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July 6, 2010 10:56 pm
While Latin Americans have been fixated on the ups and downs of their football teams in South Africa, financial analysts point to a more impressive set of indicators that should capture the world’s attention.
Economic growth in Latin America and the Caribbean is forecast to average 4.5 per cent this year, twice the estimated US rate and four times faster than the eurozone. Fiscal deficits in Latin America are expected to average 2.3 per cent of gross domestic product in 2010, compared with 6.8 per cent in the euro area and 10.6 per cent in the US. The region’s total public debt is roughly only half the level of Europe and the US.
This economic role-reversal is no accident. Although problems such as drug-trafficking and emigration still dominate and distort public perceptions of Latin America, over the past 20 years the region has undergone a quiet but profound transformation.
Brazil is the most visible example: it has emerged as an industrial and agricultural powerhouse while lifting some 30m of its citizens out of poverty, and is on track to grow more than 7 per cent this year. But Brazil’s progress is echoed, to varying degrees, by most of its neighbours.
The foundations for sustained development – particularly in the area of political stability and fiscal reform – have been laid in much of the region. Having weathered the financial crisis, Latin America now has the opportunity to join Asia in leading a global economic recovery. To do so, however, its governments will have to tackle several long-neglected problems.
One is education. Latin America can take pride in having achieved near-universal primary school enrolment. Illiteracy has been essentially eliminated, and a growing percentage of children complete high school and have a chance to attend university. However, the region still scores near the bottom of international standardised tests. To finish the job, Latin America must revolutionise teacher training, adopt world-class curricula and make school administrators accountable for student performance.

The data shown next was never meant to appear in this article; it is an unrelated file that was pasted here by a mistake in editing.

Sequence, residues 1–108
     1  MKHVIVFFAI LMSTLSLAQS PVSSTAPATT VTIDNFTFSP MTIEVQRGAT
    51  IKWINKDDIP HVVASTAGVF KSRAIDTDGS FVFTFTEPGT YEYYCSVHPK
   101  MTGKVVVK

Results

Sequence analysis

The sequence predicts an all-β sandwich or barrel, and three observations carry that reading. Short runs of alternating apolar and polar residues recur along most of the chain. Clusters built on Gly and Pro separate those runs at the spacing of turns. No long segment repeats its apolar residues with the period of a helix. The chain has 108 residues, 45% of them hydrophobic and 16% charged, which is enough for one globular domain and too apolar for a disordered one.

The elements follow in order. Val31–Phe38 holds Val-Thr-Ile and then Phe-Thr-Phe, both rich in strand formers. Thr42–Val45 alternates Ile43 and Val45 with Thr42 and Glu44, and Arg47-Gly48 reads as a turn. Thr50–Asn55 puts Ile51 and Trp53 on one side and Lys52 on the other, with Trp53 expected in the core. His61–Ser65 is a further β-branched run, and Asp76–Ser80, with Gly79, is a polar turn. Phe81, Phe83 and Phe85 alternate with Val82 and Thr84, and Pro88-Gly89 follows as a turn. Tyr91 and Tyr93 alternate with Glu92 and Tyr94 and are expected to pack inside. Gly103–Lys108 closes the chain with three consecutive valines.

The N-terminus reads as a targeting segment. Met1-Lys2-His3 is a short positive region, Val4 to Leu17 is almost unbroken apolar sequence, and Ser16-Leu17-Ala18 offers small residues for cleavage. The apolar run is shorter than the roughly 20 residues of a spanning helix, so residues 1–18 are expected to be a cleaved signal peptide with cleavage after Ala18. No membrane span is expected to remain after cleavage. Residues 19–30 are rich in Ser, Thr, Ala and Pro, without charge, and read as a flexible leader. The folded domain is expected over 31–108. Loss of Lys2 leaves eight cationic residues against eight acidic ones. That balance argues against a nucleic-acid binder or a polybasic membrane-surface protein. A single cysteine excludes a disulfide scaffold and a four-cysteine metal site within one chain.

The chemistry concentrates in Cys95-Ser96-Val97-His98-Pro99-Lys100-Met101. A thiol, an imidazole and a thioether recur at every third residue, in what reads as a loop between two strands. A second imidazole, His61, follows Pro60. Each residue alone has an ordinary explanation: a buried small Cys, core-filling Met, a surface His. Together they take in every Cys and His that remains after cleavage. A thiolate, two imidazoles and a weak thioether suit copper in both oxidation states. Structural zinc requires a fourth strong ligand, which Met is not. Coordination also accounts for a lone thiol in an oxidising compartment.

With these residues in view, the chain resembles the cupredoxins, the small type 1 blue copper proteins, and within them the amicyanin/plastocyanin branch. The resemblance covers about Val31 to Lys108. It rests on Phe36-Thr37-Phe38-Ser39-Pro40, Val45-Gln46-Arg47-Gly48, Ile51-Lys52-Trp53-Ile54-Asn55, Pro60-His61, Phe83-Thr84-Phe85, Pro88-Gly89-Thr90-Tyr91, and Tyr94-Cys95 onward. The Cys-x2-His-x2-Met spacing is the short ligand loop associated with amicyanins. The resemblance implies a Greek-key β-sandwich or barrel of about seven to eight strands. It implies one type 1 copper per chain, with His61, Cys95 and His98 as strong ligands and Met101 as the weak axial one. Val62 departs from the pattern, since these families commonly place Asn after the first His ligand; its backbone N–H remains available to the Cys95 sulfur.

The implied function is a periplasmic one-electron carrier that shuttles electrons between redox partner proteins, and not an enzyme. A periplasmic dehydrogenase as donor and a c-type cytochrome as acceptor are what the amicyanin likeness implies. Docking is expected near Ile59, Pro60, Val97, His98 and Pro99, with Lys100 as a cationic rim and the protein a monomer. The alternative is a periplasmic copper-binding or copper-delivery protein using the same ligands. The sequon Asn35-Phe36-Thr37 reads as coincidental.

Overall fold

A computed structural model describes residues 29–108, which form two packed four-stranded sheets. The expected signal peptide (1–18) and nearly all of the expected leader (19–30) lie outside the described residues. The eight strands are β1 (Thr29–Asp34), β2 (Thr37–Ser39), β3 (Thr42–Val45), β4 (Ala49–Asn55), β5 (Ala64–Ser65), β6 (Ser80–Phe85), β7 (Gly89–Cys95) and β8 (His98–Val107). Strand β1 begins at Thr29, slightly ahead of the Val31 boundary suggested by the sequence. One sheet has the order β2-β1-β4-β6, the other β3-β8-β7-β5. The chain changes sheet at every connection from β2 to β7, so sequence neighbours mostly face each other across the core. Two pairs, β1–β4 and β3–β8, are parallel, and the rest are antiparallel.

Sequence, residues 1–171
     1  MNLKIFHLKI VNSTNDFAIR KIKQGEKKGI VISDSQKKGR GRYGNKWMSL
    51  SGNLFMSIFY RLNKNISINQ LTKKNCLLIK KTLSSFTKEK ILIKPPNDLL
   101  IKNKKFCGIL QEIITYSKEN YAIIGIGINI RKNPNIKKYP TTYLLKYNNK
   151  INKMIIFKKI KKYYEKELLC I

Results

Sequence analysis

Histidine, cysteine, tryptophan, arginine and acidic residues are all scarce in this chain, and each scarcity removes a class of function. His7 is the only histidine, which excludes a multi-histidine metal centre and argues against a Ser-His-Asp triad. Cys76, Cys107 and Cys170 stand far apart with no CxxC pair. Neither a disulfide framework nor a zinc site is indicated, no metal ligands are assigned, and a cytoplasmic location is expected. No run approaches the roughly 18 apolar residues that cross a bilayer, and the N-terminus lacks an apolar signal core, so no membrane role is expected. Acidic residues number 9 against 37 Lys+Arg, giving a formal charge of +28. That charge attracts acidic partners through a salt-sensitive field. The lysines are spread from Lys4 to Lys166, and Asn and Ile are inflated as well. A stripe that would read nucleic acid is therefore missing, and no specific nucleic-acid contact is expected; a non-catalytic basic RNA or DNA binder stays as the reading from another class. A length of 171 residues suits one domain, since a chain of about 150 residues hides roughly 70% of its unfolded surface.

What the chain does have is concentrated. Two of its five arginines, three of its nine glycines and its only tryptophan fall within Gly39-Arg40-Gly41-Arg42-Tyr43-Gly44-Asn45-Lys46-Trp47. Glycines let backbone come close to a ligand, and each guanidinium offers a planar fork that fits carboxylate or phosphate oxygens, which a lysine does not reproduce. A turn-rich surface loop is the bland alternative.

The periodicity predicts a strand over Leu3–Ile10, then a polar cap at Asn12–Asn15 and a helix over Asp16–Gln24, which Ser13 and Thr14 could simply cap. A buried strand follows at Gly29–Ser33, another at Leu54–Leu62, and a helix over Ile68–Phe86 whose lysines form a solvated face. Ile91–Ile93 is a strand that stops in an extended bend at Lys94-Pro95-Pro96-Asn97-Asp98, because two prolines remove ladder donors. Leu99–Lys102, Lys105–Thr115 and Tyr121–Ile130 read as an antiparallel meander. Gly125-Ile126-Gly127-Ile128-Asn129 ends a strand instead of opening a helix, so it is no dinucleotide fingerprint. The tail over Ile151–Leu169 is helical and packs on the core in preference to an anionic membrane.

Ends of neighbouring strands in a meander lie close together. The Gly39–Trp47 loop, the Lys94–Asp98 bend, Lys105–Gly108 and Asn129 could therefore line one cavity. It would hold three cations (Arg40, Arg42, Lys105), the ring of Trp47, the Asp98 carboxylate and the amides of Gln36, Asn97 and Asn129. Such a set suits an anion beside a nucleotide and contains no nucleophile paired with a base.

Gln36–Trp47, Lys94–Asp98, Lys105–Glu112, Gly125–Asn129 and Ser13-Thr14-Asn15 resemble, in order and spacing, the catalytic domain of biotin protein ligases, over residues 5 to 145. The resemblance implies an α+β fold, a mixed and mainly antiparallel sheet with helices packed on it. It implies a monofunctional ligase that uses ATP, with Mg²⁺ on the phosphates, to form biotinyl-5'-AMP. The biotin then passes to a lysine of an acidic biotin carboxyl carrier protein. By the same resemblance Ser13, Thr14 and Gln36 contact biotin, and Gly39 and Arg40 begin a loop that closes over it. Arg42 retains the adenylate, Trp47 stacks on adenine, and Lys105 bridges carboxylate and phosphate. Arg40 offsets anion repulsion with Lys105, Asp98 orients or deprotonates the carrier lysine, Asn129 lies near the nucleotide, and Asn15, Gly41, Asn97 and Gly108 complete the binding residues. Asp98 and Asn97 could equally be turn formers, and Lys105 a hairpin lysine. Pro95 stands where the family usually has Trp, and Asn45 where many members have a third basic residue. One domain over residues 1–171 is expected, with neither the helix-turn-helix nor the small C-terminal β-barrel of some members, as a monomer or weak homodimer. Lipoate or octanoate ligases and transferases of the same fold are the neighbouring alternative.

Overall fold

Almost every Latin American and Caribbean country is on track to meet the Millennium Development Goals for improving access to safe drinking water. But millions of people with faucets in their homes only get water for a few hours a day, and some 80 per cent of all sewage is still dumped raw into rivers and lakes. Governments must ensure that 100 per cent of their populations have reliable water 24 hours a day and that all wastewater is properly treated.
Mobile phone penetration is nearly 90 per cent across Latin America and the Caribbean, while internet access is among the highest in the developing world. Many large cities have state-of-the-art Bus Rapid Transit systems that provide safe, efficient mobility to millions of low-income commuters. But crumbling ports, railways and highways hobble exporters with needless costs and delays. Clear incentives and legal safeguards are needed if Latin America is to attract the private capital that could overhaul its infrastructure.
Latin America’s energy system is among the world’s cleanest. More than 65 per cent of the region’s electricity comes from hydroelectric sources, and it is a leading producer of sustainable biofuels. But in recent years severe droughts have left key reservoirs without water, while fossil fuel production is flat or declining in Mexico and Venezuela. The region needs to develop new sources of energy and fully embrace the regional energy integration that would allow natural gas, for example, to flow freely from countries that have it abundantly to those that do not.
Finally, regular and credible elections are one of Latin America’s greatest recent achievements, given its history of military coups. However, violence and organised crime have become so pervasive in some cities that they threaten hard-won political and economic progress. To address this, governments must reform law enforcement and judicial systems. More fundamentally, they need to confront the staggering inequality and lack of economic opportunity that drive so many into lives of crime.
As in marathons or football championships, the final stretch is often the hardest. Yet each of the objectives I have described is within reach. If the region’s leaders rise to the challenge, we stand poised to see the 2010s become the decade of Latin America.
The writer was re-elected president of the Inter-American Development Bank by its 48 member nations on Tuesday
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